What Is the False Claims Act?

The False Claims Act (“FCA”) is a Federal statute codified at 31 USC 3729-3733. This law permits private individuals to initiate suit against businesses which commit fraud against the 

US Government. In effect, such parties become private Attorneys General. 

Known colloquially as “whistleblowers,” these individuals possess inside information of business fraud against the government. Such knowledge is typically obtained through some special relationship with the offending business or organization. The legislative intent underlying the FCA was deterring fraud against the Federal government.

Summary of FCA Legislative History 

The FCA was initially passed on March 2, 1863 in response to widespread contractor fraud during the Civil War. In 1943, the FCA was amended to lower the complainant’s allowable share of government-recovered damages. For some years prior to that, many people abused the law who had no actual autonomous knowledge of business fraud. 

Shortly after a US Supreme Court ruling that such abusive suits were not barred, Congress amended the law to include a “governmental knowledge bar”. This amendment precluded an FCA suit if the government had pre-existing information about fraudulent allegations. The same legislation reduced complainants’ maximum recovery from 50 percent to 25 percent of any damages recovered in FCA suits. 

Procedural Provisions

FCA liability attaches when any legal or natural person fraudulently obtains or evades payment to the US Government. Specific misconduct that triggers FCA liability include:

Two major categories of conduct that not subject to FCA actions are:

Once official investigations are complete, the government decides whether to become an intervener in the matter. If so, it frequently attempts settlement directly with the defendant while the matter remains sealed.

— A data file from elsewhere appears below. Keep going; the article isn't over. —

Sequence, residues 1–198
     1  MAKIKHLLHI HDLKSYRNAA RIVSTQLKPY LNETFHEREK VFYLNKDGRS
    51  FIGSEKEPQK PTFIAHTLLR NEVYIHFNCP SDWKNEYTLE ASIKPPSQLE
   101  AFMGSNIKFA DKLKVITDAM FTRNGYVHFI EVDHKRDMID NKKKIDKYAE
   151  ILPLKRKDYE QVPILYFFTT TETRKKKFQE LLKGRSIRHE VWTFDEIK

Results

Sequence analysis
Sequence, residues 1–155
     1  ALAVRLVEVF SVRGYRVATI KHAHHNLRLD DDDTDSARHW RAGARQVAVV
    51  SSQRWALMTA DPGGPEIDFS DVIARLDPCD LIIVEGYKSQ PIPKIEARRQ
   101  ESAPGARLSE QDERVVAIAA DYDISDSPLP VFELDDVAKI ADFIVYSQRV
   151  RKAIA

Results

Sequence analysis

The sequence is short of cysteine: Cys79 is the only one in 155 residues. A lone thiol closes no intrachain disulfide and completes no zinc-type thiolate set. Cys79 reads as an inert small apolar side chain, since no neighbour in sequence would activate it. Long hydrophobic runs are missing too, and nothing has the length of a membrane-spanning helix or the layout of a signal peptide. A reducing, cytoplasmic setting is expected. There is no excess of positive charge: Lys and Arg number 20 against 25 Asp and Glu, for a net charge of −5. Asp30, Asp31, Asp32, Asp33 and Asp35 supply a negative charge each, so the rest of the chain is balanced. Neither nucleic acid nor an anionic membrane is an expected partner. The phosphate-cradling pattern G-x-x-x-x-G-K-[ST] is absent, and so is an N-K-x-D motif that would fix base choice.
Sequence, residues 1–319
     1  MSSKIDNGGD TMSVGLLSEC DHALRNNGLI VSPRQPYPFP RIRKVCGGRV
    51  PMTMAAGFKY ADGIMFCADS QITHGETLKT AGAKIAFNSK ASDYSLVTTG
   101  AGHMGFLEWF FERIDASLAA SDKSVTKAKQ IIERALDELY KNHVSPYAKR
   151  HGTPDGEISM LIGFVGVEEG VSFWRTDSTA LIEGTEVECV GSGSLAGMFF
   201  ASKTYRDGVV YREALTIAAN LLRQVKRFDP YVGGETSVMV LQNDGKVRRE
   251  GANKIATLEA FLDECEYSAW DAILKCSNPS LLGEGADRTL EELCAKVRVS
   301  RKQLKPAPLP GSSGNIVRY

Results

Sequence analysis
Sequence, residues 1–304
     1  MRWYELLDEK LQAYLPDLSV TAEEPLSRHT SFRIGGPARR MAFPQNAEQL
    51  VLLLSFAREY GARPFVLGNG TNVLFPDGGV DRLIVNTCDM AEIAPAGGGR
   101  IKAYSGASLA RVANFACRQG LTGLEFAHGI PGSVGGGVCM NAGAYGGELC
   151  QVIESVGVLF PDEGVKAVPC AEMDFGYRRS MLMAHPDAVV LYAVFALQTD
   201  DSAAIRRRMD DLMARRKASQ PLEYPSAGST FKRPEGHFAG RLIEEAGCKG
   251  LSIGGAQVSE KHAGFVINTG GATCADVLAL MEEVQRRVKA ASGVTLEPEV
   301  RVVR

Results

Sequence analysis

If settlement is reached, the matter is resolved entirely outside of public view. If settlement does not occur, the matter is unsealed. The government and original complainant proceed jointly against the defendant. If the government does not intervene, the complainant may proceed alone. 

This scenario is relatively rare, however, as the government’s decision not to join the litigation usually indicates serious weakness in its merits. Defendants are frequently emboldened by this official stance; this can make FCA suits prosecuted solely by realtors especially difficult, expensive, and time-consuming.

There are some advantages to non-intervention by the government, however. Whistleblowers are usually represented by private attorneys who have much greater incentive to persist in negotiating larger settlements than does the government. Moreover, private lawyers are less likely than government prosecutors to be influenced by outside political pressures case prosecution. Finally, relaters have more direct control over how the case progresses. This helps insure that their interests are adequately protected.

  • Knowingly presenting or causing the presentation of false payment or approval claims
  • Knowing using, making, or causing the manufacture or use of false documentation in furtherance of a false claim
    • Fraudulently representing the amount or type of material goods for prospective Government use;
    • Attesting to receipt of property with insufficient knowledge of its veracity;
    • Buying government property from an illicit or unauthorized government officer;
    • Intentionally using, making, or causing the use or making of false documentation to reduce or evade a legal duty to remit or convey property to the Government. 
    • Certain acts taken against members of Congress, judiciary members, officials of the senior executive branch, or military service people
    • Some statements, records, or claims made pursuant to the 1986 Internal Revenue Code that would constitute tax fraud.
    • The FCA includes some very unique procedural provisions. FCA actions are initiated by filing a complaint in the appropriate US District Federal Court. This is the same as in other suits, with three major exceptions:
    • FCA suits are sealed or secret and not open to public scrutiny;
    • Complaint is not served on the defendant until the govt. completes its investigation;
    • A copy of the complaint and accompanying documentation or corroboration is forwarded to the Justice Dept. for evaluation of the suit on its merits.